• Ethical approval and Consent: The study was approved by the Institutional Ethics Board of SVNIRTAR, DA/MPO/08/2019 on March 03, 2020. All patients signed an informed consent form and were informed about the purpose of the study with their parents. The CTRI registry number is CTRI/2022/01/039642.

2.2 Description of Walkers

Basically, the posterior walker is designed to be used by individuals who can fully support their own weight and are able to take steps. Posterior walker design neglects the rapid growth and typical activities of young children. In contrast, the novel walker designed and developed in this study has taken the basic functional requirements of children with spastic diplegic CP into consideration. This has been a modified approach ensuring the advantages of different variants of walkers available in the global market. The features of the walkers used for comparison in this study are elaborated below.

Fig. 1 Walkers used (a) Posterior and (b) Novel in the study

Posterior Walker

Novel Walker

  • It is positioned behind the child allowing an upright position.
  • It has four wheels, two handles, and wraps around the back of the user to ensure proper posture (Fig. 1a).
  • It has no provision for height adjustment. Its height is 23 inches.
  • It is designed to be used with a square frame outside the patient trunk.
  • It consists of two square frames and four wheel attached to the corners for increasing the base of support, with a handle.
  • The height adjustment facility with telescopic bars is available that can adjusted to match the measurement of the patient (i.e. greater trochanter to floor).
  • There are 3 vertical bars out of which two are proximally connected with smaller square frame and distally connected with the base square frame. The front vertical bar is proximally attached to handle and distally attached to the base square frame (Fig. 1b).
  • A seat is attached to the upper smaller square  frame for provide sitting facility and reduce fatigue during ambulation.
  • The seat height can be adjusted from 16 to 22 inches and the handle height can be raised from 22 to 26 inches.

2.3 Study tools and Parameters

A 10-meter walk test [9] was used for measuring gait parameters. The energy expenditure was measured by using Physiological Cost Index (PCI) by using an oxymeter. Parameters such as step length, stride length, velocity, cadence, width of walking base were measured by using stop watch and measuring tape.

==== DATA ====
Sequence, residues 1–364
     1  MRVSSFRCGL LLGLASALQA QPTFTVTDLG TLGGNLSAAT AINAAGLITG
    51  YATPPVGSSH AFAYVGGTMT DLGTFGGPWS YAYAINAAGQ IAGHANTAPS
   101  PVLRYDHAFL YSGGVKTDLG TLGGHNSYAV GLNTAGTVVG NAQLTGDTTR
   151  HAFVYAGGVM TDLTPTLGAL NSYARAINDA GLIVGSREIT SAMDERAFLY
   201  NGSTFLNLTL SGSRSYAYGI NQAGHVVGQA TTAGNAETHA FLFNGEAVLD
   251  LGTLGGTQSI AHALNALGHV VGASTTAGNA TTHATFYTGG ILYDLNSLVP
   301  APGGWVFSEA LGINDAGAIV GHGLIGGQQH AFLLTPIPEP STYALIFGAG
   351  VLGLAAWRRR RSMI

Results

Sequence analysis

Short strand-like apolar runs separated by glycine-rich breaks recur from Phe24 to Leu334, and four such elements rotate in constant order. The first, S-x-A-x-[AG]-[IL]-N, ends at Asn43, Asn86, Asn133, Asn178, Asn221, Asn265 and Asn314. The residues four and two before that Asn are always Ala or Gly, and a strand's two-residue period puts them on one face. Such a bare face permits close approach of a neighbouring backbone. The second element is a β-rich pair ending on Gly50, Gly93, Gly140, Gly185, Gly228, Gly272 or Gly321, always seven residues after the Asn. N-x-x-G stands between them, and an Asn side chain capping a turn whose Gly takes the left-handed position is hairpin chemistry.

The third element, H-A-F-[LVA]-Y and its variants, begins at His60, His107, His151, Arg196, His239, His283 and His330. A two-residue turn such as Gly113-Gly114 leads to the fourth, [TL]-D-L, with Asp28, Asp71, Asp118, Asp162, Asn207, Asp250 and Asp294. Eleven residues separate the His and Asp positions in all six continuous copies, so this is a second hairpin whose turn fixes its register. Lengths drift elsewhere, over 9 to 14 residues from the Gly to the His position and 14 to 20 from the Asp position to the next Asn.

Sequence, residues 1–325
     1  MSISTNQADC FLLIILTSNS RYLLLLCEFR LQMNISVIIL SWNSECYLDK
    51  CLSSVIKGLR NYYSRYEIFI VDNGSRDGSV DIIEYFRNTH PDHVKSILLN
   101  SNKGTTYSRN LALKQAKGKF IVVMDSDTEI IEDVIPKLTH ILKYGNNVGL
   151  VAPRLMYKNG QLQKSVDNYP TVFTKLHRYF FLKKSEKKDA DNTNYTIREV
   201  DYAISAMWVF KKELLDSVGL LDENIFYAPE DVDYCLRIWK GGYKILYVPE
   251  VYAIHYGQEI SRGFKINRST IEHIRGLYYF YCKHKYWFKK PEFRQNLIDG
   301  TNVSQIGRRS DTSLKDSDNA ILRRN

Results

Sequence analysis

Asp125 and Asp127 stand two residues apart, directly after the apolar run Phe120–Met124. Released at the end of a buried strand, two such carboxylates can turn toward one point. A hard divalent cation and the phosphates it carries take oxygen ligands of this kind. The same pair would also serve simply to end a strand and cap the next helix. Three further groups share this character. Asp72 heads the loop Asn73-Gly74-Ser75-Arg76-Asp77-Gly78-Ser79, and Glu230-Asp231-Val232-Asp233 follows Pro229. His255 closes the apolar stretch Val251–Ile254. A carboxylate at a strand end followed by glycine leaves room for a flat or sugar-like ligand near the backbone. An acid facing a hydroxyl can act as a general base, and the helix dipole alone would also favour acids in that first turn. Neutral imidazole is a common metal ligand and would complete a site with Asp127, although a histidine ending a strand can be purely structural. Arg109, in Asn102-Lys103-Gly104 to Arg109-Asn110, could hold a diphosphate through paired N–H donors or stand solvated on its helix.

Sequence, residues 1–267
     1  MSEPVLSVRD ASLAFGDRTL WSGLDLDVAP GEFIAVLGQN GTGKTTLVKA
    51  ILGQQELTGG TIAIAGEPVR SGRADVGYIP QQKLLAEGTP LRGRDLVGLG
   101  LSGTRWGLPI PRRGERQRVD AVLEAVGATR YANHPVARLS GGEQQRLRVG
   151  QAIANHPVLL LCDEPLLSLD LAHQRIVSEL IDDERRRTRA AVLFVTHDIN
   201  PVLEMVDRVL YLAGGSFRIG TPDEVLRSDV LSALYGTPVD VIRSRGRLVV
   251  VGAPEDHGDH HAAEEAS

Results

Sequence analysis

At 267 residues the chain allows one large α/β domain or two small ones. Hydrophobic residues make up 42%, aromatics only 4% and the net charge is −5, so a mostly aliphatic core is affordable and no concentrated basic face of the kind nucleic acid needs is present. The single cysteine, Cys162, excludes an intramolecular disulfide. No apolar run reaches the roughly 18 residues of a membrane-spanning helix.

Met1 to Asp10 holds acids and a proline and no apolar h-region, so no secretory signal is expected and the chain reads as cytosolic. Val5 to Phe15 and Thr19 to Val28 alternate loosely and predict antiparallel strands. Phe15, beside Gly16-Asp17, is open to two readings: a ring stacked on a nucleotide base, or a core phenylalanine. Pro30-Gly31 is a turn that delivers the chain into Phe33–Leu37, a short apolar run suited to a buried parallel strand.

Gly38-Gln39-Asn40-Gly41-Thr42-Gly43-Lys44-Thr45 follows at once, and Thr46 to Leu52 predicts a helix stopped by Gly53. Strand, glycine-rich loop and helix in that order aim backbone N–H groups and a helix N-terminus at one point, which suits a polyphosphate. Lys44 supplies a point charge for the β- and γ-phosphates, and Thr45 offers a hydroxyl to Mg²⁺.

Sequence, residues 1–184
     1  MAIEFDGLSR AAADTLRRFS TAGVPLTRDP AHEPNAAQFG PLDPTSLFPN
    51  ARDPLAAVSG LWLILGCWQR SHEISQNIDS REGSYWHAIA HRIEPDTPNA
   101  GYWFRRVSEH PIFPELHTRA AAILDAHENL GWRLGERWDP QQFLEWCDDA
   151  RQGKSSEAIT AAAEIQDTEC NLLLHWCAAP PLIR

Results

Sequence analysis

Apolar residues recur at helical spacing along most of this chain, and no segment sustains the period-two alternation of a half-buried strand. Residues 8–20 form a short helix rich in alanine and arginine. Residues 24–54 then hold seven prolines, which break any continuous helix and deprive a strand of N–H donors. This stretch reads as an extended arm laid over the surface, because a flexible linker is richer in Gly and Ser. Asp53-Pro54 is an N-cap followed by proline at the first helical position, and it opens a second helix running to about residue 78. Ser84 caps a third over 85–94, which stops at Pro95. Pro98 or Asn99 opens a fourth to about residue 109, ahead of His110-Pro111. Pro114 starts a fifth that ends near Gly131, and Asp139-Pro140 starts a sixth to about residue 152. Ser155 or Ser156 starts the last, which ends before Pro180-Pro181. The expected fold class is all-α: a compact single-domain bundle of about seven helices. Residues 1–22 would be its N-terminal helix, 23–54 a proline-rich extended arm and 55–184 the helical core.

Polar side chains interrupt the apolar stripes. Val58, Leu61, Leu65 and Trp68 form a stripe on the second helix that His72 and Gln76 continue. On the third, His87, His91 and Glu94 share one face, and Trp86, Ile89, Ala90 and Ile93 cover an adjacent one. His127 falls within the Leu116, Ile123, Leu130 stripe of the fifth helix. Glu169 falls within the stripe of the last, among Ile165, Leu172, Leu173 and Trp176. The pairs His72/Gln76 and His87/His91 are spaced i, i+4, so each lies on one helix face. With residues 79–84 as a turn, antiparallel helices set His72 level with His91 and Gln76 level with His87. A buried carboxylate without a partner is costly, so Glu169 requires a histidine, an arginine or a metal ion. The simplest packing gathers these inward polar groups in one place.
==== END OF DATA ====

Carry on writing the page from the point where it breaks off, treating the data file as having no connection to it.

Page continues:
2.4 Study procedure

Following the initial screening, assessment, and evaluation, demographic data such as age, gender, height, and weight were collected. The patients were divided into two groups at random. Group A (n=15) subjects were tested with the posterior walker, while Group B (n=15) subjects were tested with the novel walker. The posterior walker was prefabricated whereas the novel walker was height adjusted to the subject's needs. The handle height was positioned at elbow 15 degree flexion for the individual subject. The training on their use during gait was provided for one month prior to the evaluation so that they were familiar with both types of walkers. The subjects were told to walk on a 10-meter walk test paper using a modified walker or a posterior walker (Fig. 2). An oxymeter was used to measure energy expenditure before and after each experiment. A stop watch and measuring tape were also used to measure step length, stride length, velocity, cadence, and the width of the walking base. The standard COVID protocol was maintained during data collection.

2.5. Data analysis and statistics

All data were managed in a Microsoft Excel spread sheet. The statistical analyses were conducted using SPSS v. 21.0 (SPSS Inc, Chicago, Illinios). Independent student t-test was performed to analyze the difference between posterior and novel walker. The tests were applied at 95% confidence interval and a p-value less than or equal to 0.05 was considered statistically significant.

 

The Journal publishes original papers, current concepts, reviews and other articles relevant to physiotherapy with the aim to promote advances in research in the field of Physiotherapy. It also provides an opportunity for the expression of individual opinions on healthcare." with "The journal aims to promote research advances in the field of physiotherapy by publishing original papers, current concepts, reviews, and other relevant articles. In addition, it provides a platform for individuals to express their opinions on healthcare.

Get In Touch

© 2024 IJPTRS. All Rights Reserved